What the Hell Was That?

     HOUSTON (CN) – A marketing company got permission to use a parking lot – just for parking – but trashed the place and built “a huge, multi-story building” on it to host NBA All-Star Weekend parties featuring rappers and NBA stars, the property’s lessee claims in court.
     Syed Hasan sued LOC Marketing in Harris County Court.
     LOC Marketing is based in Baltimore.
     Hasan leases a building and parking lot on Richmond Avenue in Houston, and says he “has invested hundreds of thousands of dollars in renovations to the property and in building up the business.”
     He claims that with the landlord’s consent he agreed to let LOC Marketing use part of the parking lot from Feb. 6 to Feb. 20, for $5,000.
     “The sole permitted uses of the property was for pedestrian ingress and egress and for parking,” the complaint states. “Under the agreement, LOC was also permitted to erect a ‘temporary Compound/Tent’ on the back portion of the property” to house security guards.
     But LOC Marketing had other plans, Hasan says.
     “Immediately after the execution of the agreement, LOC moved 18-wheelers onto the property,” the complaint states. “It constructed a huge, multi-story building that in no way could be described as a tent and does not serve plaintiff’s security interests at all …
     “LOC removed light poles from the property, breaking at least one in the process. It dug up at least $4,000 worth of landscaping planted by plaintiff and threw the plants away.
     “It removed a portion of the fence around the property. It brought armed guards onto the property to visibly patrol the property at night, carrying rifles, so that plaintiff was afraid to enter his own premises.
     “LOC’s intention for the property was never to operate a parking lot, but instead to host numerous parties during All-Star Weekend. On the Internet, LOC advertised its events as taking place on the ‘Allstar Compound’ located at the property. LOC also advertised on billboards and even on Twitter. LOC is promoting numerous parties to be held on the property over the period of February 15-17, 2013. These parties feature ‘celebrity hosts’ such as basketball stars and rap and hip-hop artists Diddy, Jeezy and Nelly.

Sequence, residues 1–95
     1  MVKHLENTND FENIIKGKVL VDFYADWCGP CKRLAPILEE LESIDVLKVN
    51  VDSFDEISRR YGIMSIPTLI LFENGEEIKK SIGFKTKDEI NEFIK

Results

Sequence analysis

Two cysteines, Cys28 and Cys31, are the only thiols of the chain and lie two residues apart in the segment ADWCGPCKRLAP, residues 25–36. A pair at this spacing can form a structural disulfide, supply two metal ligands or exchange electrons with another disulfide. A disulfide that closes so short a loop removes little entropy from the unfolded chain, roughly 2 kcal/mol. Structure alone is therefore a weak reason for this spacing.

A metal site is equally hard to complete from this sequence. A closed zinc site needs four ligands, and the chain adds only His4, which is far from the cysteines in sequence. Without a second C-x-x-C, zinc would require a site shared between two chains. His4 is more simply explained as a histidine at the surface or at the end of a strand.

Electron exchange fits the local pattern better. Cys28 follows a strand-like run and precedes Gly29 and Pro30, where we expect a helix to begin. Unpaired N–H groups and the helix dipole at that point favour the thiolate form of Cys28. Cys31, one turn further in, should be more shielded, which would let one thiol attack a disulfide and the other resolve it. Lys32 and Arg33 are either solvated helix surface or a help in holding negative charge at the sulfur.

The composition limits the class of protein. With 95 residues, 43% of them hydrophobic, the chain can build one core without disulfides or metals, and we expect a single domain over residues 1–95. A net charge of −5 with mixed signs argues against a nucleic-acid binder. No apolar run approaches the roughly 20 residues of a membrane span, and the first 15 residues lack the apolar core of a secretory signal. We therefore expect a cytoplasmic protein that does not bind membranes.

“The presence of celebrity hosts encourages high attendance at these parties. Online tickets for these events are sold at prices ranging from $75 to $125 each. The ‘tent’ constructed by LOC is suitable for hosting a large party such as these events, not for housing security guards.” (Reference to expired web page deleted.)
     Hasan says he never agreed to those uses of the property.
     “Not only does the actual agreement not permit these uses, LOC never even paid the $5,000 required to use the property as a parking lot,” he says.
     Hasan says LOC’s brazen renovations have put his lease in jeopardy.
     “When the landlord learned of these unauthorized activities, it served plaintiff with notice that plaintiff was in default on his lease, and is now threatening to evict plaintiff and terminate the lease,” the complaint states.
     Hasan seeks a temporary restraining order and damages for breach of contract and fraudulent inducement.
     He is represented by Kathleen Pickett of Doyle, Restrepo, Harvin & Robbins in Houston.

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